Have you ever slurped down a plate full of oysters in the hopes of getting all hot and bothered… despite the fact you don’t actually like them?
Unfortunately, it seems both your efforts and your money have been spent in vain. According to a new study published in the International Society for Sexual Medicine journal, there’s no solid evidence to suggest any of these substances and supplements have an ‘aphrodisiac’ effect.
As Vox reports, US researchers investigated a number of legally-defined aphrodisiacs — and the ‘findings’ that have supposedly proven their efficacy — and found the substances didn’t actually do anything at all. And, in some cases, there were actually risks associated with their consumption.
So basically, the whole ‘eat this and you’ll want to get jiggy with it ASAP’ is a total scam.
Where oysters are concerned, the researchers concluded there was inadequate “high-quality randomised control data” to prove the slippery dish has any bearing on one’s desire to have sex. (Post continues after gallery.)
So next time you’re on a seafood dinner date, feel free to order the salmon you really had your heart set on.
Similarly, research has failed to prove any aphrodisiac benefits of honey or even chocolate — although according to TIME, it was noted our favourite junk food does have “components that are linked to higher levels of serotonin in the brain”, which could influence how much you feel like having sex.
Serotonin is one of your body’s ‘happy chemicals’, so this seems kind of legit if you ask. Here at The Glow we firmly believe chocolate can serve as a possible gateway to sex, especially if your partner presents it for you after a long, hard day at work and doesn’t ask you to share. Chocolate = happiness = potentially more likely to want to have sex.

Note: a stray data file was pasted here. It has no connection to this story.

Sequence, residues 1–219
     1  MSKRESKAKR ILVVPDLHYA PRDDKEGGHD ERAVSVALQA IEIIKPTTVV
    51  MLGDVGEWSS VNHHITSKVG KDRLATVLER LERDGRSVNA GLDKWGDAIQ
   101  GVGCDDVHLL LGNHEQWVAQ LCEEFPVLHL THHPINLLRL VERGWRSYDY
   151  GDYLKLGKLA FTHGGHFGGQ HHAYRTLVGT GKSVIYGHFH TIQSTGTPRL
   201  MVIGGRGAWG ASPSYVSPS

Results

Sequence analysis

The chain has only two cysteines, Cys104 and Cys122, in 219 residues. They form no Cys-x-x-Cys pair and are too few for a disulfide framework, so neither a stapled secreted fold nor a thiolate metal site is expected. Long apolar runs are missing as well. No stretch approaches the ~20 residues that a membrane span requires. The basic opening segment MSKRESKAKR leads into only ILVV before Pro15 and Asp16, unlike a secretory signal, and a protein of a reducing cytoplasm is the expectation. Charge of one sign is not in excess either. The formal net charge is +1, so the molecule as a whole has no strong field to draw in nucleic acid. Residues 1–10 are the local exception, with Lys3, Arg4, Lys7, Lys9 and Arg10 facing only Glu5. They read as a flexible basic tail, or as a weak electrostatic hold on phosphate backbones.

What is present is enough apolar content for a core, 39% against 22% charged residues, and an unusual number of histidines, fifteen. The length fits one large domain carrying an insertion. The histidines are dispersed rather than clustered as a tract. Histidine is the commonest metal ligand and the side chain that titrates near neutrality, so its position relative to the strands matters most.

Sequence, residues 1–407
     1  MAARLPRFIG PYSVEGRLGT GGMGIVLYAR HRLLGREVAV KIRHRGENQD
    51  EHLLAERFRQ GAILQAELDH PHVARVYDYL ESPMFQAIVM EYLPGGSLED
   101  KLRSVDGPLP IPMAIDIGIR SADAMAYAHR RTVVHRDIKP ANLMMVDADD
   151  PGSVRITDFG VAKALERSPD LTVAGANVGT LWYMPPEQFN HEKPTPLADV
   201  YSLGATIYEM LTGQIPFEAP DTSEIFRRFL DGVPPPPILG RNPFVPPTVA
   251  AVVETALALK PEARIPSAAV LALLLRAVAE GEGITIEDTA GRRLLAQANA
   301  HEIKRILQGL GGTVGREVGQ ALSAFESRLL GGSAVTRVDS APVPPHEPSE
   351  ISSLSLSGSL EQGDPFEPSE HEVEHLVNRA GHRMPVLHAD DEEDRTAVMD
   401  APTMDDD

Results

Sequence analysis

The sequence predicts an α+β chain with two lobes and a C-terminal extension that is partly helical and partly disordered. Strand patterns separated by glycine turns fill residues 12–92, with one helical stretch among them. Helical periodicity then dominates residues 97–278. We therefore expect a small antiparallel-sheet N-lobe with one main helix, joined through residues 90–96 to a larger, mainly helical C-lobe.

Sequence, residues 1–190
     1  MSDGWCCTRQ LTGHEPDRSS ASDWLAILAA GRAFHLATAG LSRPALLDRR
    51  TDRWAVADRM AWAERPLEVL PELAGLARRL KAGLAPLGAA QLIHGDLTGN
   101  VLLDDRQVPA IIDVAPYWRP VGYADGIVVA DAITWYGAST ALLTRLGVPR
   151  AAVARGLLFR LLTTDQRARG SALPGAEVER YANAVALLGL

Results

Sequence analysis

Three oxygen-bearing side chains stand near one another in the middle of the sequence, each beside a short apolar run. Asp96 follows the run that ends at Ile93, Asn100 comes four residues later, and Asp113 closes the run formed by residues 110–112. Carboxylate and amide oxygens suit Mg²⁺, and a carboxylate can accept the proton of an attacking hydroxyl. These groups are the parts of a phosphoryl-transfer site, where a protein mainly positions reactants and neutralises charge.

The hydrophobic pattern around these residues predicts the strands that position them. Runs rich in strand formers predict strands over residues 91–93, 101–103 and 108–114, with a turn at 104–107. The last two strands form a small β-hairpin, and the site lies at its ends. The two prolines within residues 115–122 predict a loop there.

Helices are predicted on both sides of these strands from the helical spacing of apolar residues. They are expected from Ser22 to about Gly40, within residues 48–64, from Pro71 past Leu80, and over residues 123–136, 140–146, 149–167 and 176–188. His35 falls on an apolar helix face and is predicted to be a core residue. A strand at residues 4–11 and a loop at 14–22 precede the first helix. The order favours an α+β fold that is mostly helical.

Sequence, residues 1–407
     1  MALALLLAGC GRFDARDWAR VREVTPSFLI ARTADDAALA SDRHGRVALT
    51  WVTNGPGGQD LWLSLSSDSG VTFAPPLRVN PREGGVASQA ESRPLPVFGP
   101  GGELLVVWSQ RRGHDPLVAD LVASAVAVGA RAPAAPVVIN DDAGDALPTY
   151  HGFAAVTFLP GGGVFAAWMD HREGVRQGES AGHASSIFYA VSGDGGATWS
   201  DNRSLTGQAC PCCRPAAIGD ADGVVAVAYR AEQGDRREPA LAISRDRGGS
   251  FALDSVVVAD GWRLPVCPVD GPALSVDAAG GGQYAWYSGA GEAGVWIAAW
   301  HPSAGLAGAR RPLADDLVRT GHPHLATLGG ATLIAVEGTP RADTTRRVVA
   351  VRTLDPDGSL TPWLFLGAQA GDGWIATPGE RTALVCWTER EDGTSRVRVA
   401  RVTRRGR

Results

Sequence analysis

As for bizarrely-named supplements like horny goat weed, ginkgo biloba, Spanish fly and Bufo toad venom — you mean people are willingly putting these things in their bodies? — the study authors say existing research indicates their risks outweigh any potential benefits.
"While Ginkgo is generally well tolerated, it can cause significant bleeding risks, especially if taken with [blood thinning medications]," they write.
Cannabis-based products have long been touted as a sexual stimulant, too — perhaps just as an excuse to get on the green stuff — but they too lack sufficient data. (Post continues after video.)
"There are no published studies to support claims of cannabis as a sexual stimulant, and thus these products cannot be recommended at this time," the authors explain.
One known aphrodisiac the study authors did not analyse, however, is the music of Marvin Gaye. So if you want to get it on, keep listening to 'Let's Get It On'. That definitely* works.
(*Further research pending.)
Did this news surprise you? Or have you always been an aphrodisiac skeptic?